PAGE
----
Top government programs for low-income families - Part 3 Of 3
6. Supplemental Security Income Program (SSI)
Supplemental Security Income Program (SSI) provides cash to low-income seniors and adults and kids with disabilities. It helps the aged, blind, and disabled buy food, clothing, and shelter. On average, roughly 8.4 million people receive $536 per month. Of those, 7.3 million are blind or disabled.
Supplemental Security Income
Temporary Assistance for Needy Families (TANF)
7. Welfare or TANF
Administered by the U.S. Department of Health and Human Services (HHS), TANF programs provide cash for a limited time to low-income families working toward self-sufficiency. TANF may also offer non-cash benefits such as child care or job training.
In 2017, 2.5 million recipients received income from TANF. Of these, 1.9 million were children. On average, a three-person family received $447 a month. Despite this help, they still live below the poverty line. Families who receive TANF must get a job within two years and can only receive this benefit for five years or less in some states. In addition, if they have another child and do not own more than $2,000 in total assets, they may not be eligible for more income.
Temporary Assistance for Needy Families (TANF)
8. No-cost internet through the Affordable Connectivity Program (ACP)
Eligible households can get high-speed internet at no cost. If youíre eligible, youíll get $30 per month off of their internet bill, and 20 internet carriers have agreed to provide ACP-eligible households a plan for no more than $30 per month, meaning that the overall cost is $0. You can also get a one-time $100 discount to purchase a computer or tablet. See if you qualify and apply below:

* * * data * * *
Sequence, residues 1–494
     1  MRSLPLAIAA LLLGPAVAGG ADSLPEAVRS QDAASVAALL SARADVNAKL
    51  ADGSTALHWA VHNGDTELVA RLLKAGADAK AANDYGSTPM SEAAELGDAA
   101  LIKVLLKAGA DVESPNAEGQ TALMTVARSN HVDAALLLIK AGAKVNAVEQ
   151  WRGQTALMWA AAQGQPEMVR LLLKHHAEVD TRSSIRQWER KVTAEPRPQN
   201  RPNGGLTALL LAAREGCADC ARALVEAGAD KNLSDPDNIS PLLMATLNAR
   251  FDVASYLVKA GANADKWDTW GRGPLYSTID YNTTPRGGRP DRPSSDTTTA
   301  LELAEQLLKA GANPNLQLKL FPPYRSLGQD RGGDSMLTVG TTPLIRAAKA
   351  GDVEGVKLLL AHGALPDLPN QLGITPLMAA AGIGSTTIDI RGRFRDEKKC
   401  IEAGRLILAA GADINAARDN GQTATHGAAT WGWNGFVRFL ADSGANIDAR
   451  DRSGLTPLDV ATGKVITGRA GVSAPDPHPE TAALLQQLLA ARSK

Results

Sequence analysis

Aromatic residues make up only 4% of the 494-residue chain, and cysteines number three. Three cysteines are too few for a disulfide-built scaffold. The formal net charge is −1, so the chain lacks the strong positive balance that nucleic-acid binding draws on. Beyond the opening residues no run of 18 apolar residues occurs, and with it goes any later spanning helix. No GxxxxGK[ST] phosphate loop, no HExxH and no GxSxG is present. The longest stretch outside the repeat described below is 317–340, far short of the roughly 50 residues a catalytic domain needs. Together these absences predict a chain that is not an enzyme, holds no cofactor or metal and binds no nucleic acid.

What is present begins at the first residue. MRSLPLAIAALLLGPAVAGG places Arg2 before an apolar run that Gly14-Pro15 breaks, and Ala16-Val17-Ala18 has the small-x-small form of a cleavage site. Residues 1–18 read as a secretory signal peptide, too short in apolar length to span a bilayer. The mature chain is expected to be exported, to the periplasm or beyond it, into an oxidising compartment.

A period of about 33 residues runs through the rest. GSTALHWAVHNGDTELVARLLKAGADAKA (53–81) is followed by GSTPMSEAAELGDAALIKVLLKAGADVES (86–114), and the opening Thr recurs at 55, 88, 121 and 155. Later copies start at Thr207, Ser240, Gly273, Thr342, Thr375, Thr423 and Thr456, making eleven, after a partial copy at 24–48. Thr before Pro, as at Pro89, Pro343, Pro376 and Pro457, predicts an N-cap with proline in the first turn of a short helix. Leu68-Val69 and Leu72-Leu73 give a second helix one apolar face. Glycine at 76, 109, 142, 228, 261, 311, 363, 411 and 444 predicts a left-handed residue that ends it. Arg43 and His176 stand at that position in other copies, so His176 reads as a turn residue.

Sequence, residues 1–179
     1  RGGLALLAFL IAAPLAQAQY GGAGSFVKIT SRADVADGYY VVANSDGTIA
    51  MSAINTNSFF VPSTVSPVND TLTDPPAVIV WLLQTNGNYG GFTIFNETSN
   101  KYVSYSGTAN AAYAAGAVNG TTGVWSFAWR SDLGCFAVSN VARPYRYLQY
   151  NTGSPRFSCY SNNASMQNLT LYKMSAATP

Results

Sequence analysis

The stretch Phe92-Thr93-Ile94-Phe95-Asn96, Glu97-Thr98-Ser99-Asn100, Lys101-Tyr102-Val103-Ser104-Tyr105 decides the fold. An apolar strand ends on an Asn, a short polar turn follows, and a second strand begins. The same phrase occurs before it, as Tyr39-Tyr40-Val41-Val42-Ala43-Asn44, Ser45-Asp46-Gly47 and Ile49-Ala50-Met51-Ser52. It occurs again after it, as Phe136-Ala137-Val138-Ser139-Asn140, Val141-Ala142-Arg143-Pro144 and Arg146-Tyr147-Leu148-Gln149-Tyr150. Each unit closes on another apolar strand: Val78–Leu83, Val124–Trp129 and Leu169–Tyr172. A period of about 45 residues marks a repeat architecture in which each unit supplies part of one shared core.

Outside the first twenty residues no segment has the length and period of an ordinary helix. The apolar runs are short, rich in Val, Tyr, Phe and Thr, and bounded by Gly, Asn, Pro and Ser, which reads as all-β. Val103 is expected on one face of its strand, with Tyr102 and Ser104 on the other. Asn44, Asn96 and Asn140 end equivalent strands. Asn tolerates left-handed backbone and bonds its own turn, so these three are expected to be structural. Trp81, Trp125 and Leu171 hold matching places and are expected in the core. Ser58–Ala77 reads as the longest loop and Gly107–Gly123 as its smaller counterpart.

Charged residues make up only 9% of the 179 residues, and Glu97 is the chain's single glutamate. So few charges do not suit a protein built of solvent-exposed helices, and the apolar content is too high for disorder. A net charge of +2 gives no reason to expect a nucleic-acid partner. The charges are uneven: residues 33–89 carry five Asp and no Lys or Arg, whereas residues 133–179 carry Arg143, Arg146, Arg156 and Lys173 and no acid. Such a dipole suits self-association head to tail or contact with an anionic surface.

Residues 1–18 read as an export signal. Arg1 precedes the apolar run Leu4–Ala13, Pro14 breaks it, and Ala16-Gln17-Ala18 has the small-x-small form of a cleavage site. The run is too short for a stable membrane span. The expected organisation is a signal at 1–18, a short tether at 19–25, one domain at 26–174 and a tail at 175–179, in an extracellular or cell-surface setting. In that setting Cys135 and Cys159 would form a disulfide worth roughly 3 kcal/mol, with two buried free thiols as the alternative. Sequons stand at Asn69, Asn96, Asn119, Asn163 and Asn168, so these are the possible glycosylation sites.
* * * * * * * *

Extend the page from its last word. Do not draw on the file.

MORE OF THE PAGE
Affordable Connectivity Program
Additional Federal Programs For Low-income Families
9. Earned Income Tax Credit (EITC)
Earned Income Tax Credit is a tax credit for families with at least one child. They must make less than $51,567 a year to qualify. In 2012, over 27 million received credits totaling $63 billion. Thatís a little more than $2,335 per taxpayer. EITC lifted 6.5 million people out of poverty, half of whom were children.
Earned Income Tax Credit
10. Head Start
Head Start is a free or reduced cost program that provides comprehensive early childhood education, health nutrition, and parent involvement services. This program is offered to low-income children, from birth to 5 years old, and their families. In 2016 the program serviced nearly 1 million children and 1.4 million child care programs. Head Start is also administered by the Department of Health and Human Services.
11. Federal Pell Grant Program
The Department of Education runs the Federal Pell Grant Program to promote postsecondary education (college and trade school) for students from low-income households. Grants are similar to scholarships and donít need to be repaid. They are designed to go to undergraduate students based on factors such as the cost of attendance at the school and expected family and student contribution. In 2017, there were approximately 4,800 participating postsecondary institutions and grants were awarded for amounts between $592 and $5,920, with the average award totaling $4,050 per recipient.
Federal Pell Grant Program
What about unemployment benefits?
Each state operates its own unemployment benefits program. Depending on your state's program and requirements, you might be able to qualify for an unemployment insurance program in your state. These programs pay a cash amount if you lose your job through no fault of your own. Some states also provide extended unemployment benefits when there is high unemployment, meaning you can collect on your unemployment insurance for 13 weeks. You can apply for an extension once your regular unemployment benefits run out. Although the details for how to apply and qualify vary by state. And remember, you must report all unemployment benefits you received in a given calendar year as income when you file your taxes for that year.